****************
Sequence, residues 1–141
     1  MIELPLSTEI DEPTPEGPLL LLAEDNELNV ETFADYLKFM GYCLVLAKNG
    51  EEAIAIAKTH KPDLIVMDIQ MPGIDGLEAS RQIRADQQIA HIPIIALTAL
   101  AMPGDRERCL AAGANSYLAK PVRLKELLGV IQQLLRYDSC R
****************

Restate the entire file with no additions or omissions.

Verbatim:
Sequence, residues 1–141
     1  MIELPLSTEI DEPTPEGPLL LLAEDNELNV ETFADYLKFM GYCLVLAKNG
    51  EEAIAIAKTH KPDLIVMDIQ MPGIDGLEAS RQIRADQQIA HIPIIALTAL
   101  AMPGDRERCL AAGANSYLAK PVRLKELLGV IQQLLRYDSC R